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Impact of heatwave more pronounced in cities due to Urban Heat Island effect: CSE

As per CSE, it is a phenomenon where densely populated and built urban areas witness higher temperatures than their surrounding rural areas.

SHARBANI BANERJEE | New Delhi |

While the North-western and central India has been reeling under scorching temperatures since March this year and India recorded its warmest March in the last 122 years, the Centre for Science and Environment (CSE) stated the impact of heatwave is more pronounced in cities due to the Urban Heat Island effect.

As per CSE, it is a phenomenon where densely populated and built urban areas witness higher temperatures than their surrounding rural areas.

The Urban Heat Island effect must not be mistaken as a tropical climate issue — it is a very ‘urban issue’ that is linked with the way we plan and design our cities.

“The reason is rampant construction, concretisation and shrinking of green spaces and waterbodies in cities are factors leading to a trapping of heat,” added CSE.

However, the country has failed to follow the India Cooling Action Plan (ICAP) that was released in 2019 by the Ministry of Environment, Forest and Climate Change.

On the grounds that by 2038 a significant percentage of households in India would be living in thermally uncomfortable buildings due to bad design — and with space cooling demand shooting up consistently – the ICAP set a target of reducing national cooling demand by 25-30 per cent and reducing cooling energy requirements by 20-40 per cent by 2037-38.

ICAP brings multi-sectoral strategies to provide thermal comfort for all, such as promotion of low-energy cooling technologies, implementation of building energy conservation codes, increasing efficiency of cooling appliances, and integrating thermal comfort in affordable housing, among others.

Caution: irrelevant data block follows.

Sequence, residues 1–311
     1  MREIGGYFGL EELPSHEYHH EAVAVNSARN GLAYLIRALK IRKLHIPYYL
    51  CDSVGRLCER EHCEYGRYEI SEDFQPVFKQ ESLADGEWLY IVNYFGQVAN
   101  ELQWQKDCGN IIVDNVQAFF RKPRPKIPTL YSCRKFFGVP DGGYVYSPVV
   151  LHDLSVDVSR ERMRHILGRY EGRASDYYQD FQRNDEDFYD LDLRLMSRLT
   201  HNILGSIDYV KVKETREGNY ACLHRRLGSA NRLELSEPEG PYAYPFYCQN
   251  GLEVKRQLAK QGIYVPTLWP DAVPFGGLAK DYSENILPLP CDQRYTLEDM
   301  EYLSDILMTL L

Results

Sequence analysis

However, much more needs to be done in order to translate this guidance into ground action. No state has adopted the Eco Niwas Samhita 2018 (ENS – applicable to residential building projects with a site area above 500 sq m) yet.

Telangana, Andhra Pradesh and Kerala are the few states that are preparing to adopt this code.

Rajneesh Sareen, Programme Director, Sustainable Buildings and Habitat Programme, CSE said, “Such enormous energy guzzling is going to make India miss its target of reducing cooling demand by 25-30 per cent and reducing cooling energy requirements by 20-40 per cent by 2037-38, as demarcated under the India Cooling Action Plan (see below). India needs energy fasting. It needs interventions that reduce energy need in buildings. This can be done through innovations and modifications in design and operations of buildings and the built environment, even as user behaviour would play a major role.”

India Cooling Action Plan 2019 merits compliance to Eco Niwas Samhita (ENS) as part of the national thermal comfort strategy. ENS was released in 2018 for energy conservation in residential buildings. A CSE assessment of several affordable housing plans and projects in different climate zones shows that none of them meet the heat gain requirements (defined by residential envelope transmittance value – RETV) as per the ENS.

Non-compliance to energy codes is taking place due to uninformed choice of materials. CSE conducted a study on material penetration in multiple cities using the state real estate regulation authority (RERA) database. The investigation revealed that more than one-third of the projects sampled are using monolithic wall panels made of concrete – this material gets heated up more than twice as fast as a conventional burnt clay brick wall.